Evaluation of the thermal antinociceptive effects and pharmacokinetics after intramuscular administration of buprenorphine hydrochloride to cockatiels (Nymphicus hollandicus).
Evaluation of the thermal antinociceptive effects and pharmacokinetics after intramuscular administration of buprenorphine hydrochloride to cockatiels (Nymphicus hollandicus). Guzman DSM, Houck EL, DiMaio Knych HK, et al. Am J Vet Res. 2018;79:1239-1245.
Objective: To evaluate thermal antinociceptive effects and pharmacokinetics of buprenorphine hydrochloride after intramuscular administration to cockatiels (Nymphicus hollandicus).
Animals: 16 adult ([greater than or equal to] 2 years old) cockatiels (8 males and 8 females).
Procedures: Buprenorphine hydrochloride (0.3 mg/mL) at each of 3 doses (0.6, 1.2, and 1.8 mg/kg) and saline (0.9% NaCl) solution (control treatment) were administered intramuscularly to birds in a randomized within-subject complete crossover study. Foot withdrawal response to a thermal stimulus was determined before (baseline) and 0.5, 1.5, 3, and 6 hours after treatment administration. Agitation-sedation scores were also determined. For the pharmacokinetic analysis, buprenorphine (0.6 mg/kg) was administered intramuscularly to 12 of the birds, and blood samples were collected at 9 time points, ranging from 5 minutes to 9 hours after drug administration. Samples were analyzed with liquid chromatography-mass spectrometry. Pharmacokinetic parameters were calculated with commercial software.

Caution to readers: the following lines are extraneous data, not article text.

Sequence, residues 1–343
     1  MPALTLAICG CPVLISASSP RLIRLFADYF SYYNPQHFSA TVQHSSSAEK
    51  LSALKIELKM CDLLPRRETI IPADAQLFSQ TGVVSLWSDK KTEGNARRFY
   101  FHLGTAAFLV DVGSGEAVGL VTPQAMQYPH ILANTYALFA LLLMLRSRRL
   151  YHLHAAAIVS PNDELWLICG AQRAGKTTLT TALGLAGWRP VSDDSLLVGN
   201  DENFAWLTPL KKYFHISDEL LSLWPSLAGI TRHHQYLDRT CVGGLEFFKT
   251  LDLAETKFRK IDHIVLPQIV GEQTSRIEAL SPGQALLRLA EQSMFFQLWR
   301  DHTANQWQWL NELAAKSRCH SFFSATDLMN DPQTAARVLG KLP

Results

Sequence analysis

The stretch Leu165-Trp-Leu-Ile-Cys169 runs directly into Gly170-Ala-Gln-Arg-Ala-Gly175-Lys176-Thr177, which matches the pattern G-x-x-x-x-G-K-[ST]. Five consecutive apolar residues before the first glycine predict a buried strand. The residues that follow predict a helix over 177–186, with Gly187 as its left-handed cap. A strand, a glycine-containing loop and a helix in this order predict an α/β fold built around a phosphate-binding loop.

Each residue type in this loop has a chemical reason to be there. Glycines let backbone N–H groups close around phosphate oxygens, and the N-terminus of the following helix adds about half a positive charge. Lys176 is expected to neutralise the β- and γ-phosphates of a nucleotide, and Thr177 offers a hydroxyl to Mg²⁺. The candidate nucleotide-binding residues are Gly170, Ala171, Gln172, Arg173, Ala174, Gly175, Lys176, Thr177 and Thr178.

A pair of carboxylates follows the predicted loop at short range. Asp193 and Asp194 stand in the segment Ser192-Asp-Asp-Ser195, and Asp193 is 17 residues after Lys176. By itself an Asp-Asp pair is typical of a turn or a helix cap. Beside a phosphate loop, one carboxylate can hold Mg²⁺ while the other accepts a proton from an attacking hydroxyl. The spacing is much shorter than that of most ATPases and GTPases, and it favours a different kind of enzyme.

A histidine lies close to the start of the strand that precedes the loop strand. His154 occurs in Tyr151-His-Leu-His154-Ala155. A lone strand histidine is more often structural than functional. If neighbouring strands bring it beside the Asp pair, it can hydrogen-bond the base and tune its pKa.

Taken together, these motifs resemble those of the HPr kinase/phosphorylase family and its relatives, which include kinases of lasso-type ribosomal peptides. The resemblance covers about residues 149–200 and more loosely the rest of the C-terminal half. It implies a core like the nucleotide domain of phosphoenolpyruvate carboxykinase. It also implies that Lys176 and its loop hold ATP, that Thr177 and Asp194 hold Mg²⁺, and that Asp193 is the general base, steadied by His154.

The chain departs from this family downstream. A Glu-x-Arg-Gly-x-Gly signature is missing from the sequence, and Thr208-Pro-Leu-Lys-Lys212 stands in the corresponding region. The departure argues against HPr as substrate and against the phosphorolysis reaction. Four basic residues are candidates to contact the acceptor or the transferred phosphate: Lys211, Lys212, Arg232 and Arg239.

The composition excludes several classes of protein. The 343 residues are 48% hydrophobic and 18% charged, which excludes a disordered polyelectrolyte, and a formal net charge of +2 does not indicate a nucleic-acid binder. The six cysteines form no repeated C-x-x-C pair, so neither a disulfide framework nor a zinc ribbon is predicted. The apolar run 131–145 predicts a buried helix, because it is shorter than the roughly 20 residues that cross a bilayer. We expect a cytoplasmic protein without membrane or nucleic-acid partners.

Results: Buprenorphine at 0.6, 1.2, and 1.8 mg/ kg did not significantly change the thermal foot withdrawal response compared with the response for the control treatment. No significant change in agitation-sedation scores was detected between all doses of buprenorphine and the control treatment. Plasma buprenorphine concentrations were > 1 ng/ mL in all 4 birds evaluated at 9 hours.
Conclusions and clinical relevance: Buprenorphine at the doses evaluated did not significantly change the thermal nociceptive threshold for cockatiels or cause sedative or agitative effects. Additional studies with other pain assessments and drug doses are needed to evaluate the analgesic and adverse effects of buprenorphine in cockatiels and other avian species.
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|Title Annotation:||Selected Abstracts From the Literature|
|Publication:||Journal of Avian Medicine and Surgery|
|Date:||Mar 1, 2019|
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